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Monday, September 29, 2008

Books In, Books Out, Part II

I have been fiddling around with LibraryThing again. I feel myself to be obsessed with data-mining my own reading patterns. It's so much easier to talk about reading ideas if you have already sorted out the way they make sense. I enjoy looking at other people's libraries and tags too, but then I am often searching for new ways to sort my own. (Like adding the tag "epistolary". Fun. Or updating my tag "to read" to the tag "unread" which LT mentioned as a meme attracting attention. It's more meaningful to tag with the crowd.)

I found out that there is a way to figure out how many books came in over the transom in a certain period by checking the entry date on LT. Thus, when September felt like a huge intake month, I could check.

I guess it is because a number of friends handed over books after summer holidays, plus I was back in the school library surfing the action, plus I was catching up on some summer book thoughts that I could not pursue at the time. So, 28 books in! A minimum of dollars out! I think I have read all or part of, maybe, a third of them.

Looking back through the record, it seems like I usually take in about 10 or 12 per month, still far too many to read. One trip to the bookstore sale tables is good for half a dozen; plus my lovely spouse probably shows up with one or two presents each month; the school library is a source of one or two books each weekend; and I often get a book or two loaned or passed on from one friend or another; not to mention the odd LibraryThing Early Reviewer copy!

It's a good life.

The marigold wonders nervously:
If I read somewhere between 6 and 10 books a month, when will I actually drown in the to-read pile?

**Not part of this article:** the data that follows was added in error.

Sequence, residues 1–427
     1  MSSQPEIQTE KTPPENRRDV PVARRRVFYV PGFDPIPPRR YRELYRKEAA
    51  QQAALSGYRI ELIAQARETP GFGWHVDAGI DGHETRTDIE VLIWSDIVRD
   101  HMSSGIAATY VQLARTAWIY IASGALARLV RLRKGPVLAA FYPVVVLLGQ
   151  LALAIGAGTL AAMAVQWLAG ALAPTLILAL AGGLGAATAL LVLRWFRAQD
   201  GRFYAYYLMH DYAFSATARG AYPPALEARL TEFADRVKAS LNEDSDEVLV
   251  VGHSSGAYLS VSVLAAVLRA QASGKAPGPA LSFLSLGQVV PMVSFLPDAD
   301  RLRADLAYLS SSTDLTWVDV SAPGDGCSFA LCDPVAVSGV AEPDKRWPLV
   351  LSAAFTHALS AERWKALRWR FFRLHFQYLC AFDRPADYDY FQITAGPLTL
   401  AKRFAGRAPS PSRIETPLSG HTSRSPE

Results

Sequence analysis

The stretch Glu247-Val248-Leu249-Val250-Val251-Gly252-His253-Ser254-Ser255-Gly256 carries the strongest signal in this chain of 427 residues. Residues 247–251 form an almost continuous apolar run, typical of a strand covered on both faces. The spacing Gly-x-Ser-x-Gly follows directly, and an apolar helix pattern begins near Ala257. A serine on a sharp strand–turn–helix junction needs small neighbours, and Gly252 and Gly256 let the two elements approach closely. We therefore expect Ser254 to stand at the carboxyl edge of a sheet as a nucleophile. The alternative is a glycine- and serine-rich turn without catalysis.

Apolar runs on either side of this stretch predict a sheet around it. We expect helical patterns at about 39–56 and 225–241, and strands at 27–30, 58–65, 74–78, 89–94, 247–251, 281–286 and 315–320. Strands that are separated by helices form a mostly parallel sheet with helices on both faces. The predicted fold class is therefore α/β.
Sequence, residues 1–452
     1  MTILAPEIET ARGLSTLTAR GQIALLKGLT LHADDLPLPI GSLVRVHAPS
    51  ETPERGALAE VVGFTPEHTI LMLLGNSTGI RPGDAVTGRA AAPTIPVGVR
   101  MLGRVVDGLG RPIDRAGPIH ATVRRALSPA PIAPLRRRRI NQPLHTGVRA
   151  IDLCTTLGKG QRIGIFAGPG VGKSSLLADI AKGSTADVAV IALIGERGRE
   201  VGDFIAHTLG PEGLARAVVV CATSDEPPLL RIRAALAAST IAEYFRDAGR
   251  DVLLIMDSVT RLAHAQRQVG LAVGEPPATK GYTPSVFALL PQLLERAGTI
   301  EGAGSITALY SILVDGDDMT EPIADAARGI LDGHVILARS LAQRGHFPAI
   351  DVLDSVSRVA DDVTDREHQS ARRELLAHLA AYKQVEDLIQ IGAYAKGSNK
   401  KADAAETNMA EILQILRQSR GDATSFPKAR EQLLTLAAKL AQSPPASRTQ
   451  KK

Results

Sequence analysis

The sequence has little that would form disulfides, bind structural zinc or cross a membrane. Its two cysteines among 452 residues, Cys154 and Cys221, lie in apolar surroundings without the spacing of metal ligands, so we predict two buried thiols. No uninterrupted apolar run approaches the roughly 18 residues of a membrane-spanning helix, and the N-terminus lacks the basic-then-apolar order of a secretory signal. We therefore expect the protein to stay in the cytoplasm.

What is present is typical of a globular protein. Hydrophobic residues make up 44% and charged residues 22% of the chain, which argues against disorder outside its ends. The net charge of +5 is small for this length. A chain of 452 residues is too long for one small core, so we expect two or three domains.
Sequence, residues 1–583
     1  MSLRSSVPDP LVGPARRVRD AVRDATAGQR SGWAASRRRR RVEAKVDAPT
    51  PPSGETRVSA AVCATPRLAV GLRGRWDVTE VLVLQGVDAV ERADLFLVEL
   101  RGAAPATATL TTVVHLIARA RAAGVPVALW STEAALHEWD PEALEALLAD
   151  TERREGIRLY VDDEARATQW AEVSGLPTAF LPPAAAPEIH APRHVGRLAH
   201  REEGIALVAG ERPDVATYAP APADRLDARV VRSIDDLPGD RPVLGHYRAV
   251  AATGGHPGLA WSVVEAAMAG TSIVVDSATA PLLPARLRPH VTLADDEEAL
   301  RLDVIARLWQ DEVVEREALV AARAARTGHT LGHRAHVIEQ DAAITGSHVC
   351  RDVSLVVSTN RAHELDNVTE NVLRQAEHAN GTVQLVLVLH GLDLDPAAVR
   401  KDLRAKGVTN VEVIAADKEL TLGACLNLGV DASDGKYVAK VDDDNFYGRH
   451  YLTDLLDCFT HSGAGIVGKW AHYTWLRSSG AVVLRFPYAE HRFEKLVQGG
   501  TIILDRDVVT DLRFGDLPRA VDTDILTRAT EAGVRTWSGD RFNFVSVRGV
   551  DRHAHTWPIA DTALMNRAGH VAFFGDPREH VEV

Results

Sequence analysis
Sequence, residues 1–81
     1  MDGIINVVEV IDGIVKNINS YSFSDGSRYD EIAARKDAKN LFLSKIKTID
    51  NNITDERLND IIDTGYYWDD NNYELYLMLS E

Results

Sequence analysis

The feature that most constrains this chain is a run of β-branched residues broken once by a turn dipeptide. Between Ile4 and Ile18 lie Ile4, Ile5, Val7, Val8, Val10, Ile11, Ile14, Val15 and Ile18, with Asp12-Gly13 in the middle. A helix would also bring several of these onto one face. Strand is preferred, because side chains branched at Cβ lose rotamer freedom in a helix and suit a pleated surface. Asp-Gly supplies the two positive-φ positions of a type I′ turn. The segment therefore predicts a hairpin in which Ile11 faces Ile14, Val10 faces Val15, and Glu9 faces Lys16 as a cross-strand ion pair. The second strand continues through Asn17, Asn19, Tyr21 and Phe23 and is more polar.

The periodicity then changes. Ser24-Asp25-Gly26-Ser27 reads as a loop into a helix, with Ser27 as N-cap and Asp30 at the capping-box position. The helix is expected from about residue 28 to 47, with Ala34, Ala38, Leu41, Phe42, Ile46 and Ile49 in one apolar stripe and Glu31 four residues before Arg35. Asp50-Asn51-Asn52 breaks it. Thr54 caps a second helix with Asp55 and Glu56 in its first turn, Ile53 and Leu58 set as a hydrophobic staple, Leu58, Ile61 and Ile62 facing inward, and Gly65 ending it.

Saturday, September 13, 2008

LibraryThing Early Review

Doctor Olaf Van Schuler's Brain
by Kristen Menger-Anderson

Finally! An Early Reviewer book that conforms to my credo: I'd rather be offended than bored.

This debut book is quirky, providing a kind of personal history of New York, seen through episodes in the lives of one family, starting from the time when New York was a Dutch colony. It reminds me of Muybridge's moving pictures - light flashing through slits - anything but continual, yet elegantly fascinating. The points of view shift, the focus is on the smallest details of everyday life: smells, moments of experience. Interesting enough as that is, when you add in the obsession of the main family characters with the brain, and the changing paradigms that prevail over history, the book moves into the truly engrossing. I have read a couple of pages straight away of each ER book I have received, and this was the first that I had to continue reading immediately. In other words a great score for me and a great read.

Actually, it was not offensive, really, it was just not at all boring.

The marigold asks nervously:

I had a feeling that these books would be a fabulous source of new reading. So far, apart from Doctor Olaf Van Schuler's Brain, I seem to find that they fall into the acceptable but boring category, rather than the offensive but interesting category, which I prefer. The books vary from perfectly all right to pathetically awful. Not good enough! Where are the truly interesting books? Where?